It’s Time to Rethink Advisor Compensation Plans
March 9, 2023 — Boston
62% of wirehouse advisors believe their compensation plans are too complex
Compensation packages are an influential component of advisor satisfaction, motivation, and commitment to their current firms. While advisors are generally satisfied with their compensation plans, there is room for improvement among wirehouses and large broker/dealers (B/Ds), according to The Cerulli Report—U.S. Advisor Metrics 2022: Trends in Advisor Compensation.
Cerulli’s research finds seven in 10 B/D advisors are happy with their current compensation structures. However, advisors in the wirehouse channel are significantly more likely to be displeased with their compensation structures (24%), compared to advisors at national/regional (5%) and independent B/Ds (7%).
Many firms, particularly the wirehouses, are consistently modifying compensation plans to achieve corporate-level initiatives and increase advisor productivity. While these changes may benefit the firm, they can be difficult for advisors to navigate—especially if adjustments are frequent. According to Cerulli, more than half (62%) of wirehouse advisors believe that their compensation plans have become too complex and 47% agree that their firm alters their compensation structure too frequently.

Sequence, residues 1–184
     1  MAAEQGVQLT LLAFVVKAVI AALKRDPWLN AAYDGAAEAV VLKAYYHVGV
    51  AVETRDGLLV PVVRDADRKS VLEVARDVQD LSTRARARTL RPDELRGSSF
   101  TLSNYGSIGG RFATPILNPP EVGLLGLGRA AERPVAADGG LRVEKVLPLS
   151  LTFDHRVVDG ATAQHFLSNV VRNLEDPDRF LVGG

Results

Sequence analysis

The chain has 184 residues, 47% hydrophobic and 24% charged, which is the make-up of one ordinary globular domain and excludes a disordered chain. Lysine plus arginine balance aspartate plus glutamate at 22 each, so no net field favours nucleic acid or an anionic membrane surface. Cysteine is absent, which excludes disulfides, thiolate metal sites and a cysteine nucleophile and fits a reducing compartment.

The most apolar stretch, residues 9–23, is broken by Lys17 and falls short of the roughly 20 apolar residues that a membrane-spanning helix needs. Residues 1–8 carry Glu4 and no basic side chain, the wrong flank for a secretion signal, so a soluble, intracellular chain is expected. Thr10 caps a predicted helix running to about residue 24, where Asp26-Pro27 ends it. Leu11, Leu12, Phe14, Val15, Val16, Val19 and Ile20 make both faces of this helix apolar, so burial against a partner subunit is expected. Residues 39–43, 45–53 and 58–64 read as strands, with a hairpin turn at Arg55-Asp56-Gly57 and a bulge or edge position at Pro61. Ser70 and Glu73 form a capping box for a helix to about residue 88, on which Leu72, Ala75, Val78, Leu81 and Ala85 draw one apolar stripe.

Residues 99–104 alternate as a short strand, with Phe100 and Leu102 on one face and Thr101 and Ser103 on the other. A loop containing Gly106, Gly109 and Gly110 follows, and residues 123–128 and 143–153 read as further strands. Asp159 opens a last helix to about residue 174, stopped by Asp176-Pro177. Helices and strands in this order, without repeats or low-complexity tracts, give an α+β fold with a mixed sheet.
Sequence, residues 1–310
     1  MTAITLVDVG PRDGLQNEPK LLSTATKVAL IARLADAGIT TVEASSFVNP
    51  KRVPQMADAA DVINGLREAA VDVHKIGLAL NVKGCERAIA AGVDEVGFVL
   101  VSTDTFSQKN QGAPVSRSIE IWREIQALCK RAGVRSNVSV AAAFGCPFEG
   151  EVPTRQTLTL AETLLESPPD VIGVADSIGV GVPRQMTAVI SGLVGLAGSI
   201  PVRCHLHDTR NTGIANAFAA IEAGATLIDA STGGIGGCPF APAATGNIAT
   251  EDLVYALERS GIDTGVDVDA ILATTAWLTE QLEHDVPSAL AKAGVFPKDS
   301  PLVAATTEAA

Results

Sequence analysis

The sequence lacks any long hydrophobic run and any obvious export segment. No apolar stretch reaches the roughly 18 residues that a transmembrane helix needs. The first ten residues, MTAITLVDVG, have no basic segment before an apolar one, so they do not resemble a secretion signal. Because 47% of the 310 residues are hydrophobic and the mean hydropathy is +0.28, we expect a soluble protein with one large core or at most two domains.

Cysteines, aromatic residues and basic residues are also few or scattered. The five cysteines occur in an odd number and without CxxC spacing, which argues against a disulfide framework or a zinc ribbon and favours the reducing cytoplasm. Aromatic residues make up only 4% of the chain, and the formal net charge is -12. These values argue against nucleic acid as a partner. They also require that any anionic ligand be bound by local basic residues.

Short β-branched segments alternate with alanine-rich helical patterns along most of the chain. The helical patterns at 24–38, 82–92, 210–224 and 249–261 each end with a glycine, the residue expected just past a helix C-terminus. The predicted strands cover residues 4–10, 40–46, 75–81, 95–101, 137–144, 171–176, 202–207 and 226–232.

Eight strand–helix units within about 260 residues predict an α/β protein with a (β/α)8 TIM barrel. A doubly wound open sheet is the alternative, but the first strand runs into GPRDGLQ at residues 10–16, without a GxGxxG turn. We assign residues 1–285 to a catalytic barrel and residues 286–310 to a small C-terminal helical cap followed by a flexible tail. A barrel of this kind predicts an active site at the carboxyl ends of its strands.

These changes can also alienate practices in certain segments, based on their tenure, core client market, or specialties. Targeted compensation strategies can enhance advisor retention and productivity if practices are motivated to achieve the highest payouts; however, this approach can also backfire if advisors view the thresholds as unrealistic or unattainable for them. Half of wirehouse advisors report that their firm’s compensation plan reflects factors they cannot control, such as years of service, and 30% of Millennial B/D advisors between ages 26 and 41 feel that account size minimums have limited their business development opportunities.
Compensation is already a leading motivator for advisors choosing to switch firms—close to half (44%) of advisors who switched B/Ds in the past three years cite the amount or structure of compensation as a key reason for joining a new firm. “These factors can impact not only advisors’ desire to switch firms, but also the transition to the independent channels, where they receive a higher payout and have greater control over their revenue,” says Marina Shtyrkov, associate director. “Wealth management firm leaders must set realistic goals, without sacrificing opportunities for advisors to thrive—regardless of experience level or practice type,” she concludes.
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